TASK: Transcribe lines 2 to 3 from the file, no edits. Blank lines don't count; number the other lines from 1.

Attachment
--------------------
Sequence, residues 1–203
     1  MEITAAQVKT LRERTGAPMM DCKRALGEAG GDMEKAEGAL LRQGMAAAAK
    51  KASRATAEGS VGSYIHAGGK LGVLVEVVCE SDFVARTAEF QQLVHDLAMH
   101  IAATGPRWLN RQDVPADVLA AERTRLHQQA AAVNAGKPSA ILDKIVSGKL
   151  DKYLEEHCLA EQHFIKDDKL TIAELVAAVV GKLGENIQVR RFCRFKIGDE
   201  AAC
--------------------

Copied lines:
     1  MEITAAQVKT LRERTGAPMM DCKRALGEAG GDMEKAEGAL LRQGMAAAAK
    51  KASRATAEGS VGSYIHAGGK LGVLVEVVCE SDFVARTAEF QQLVHDLAMH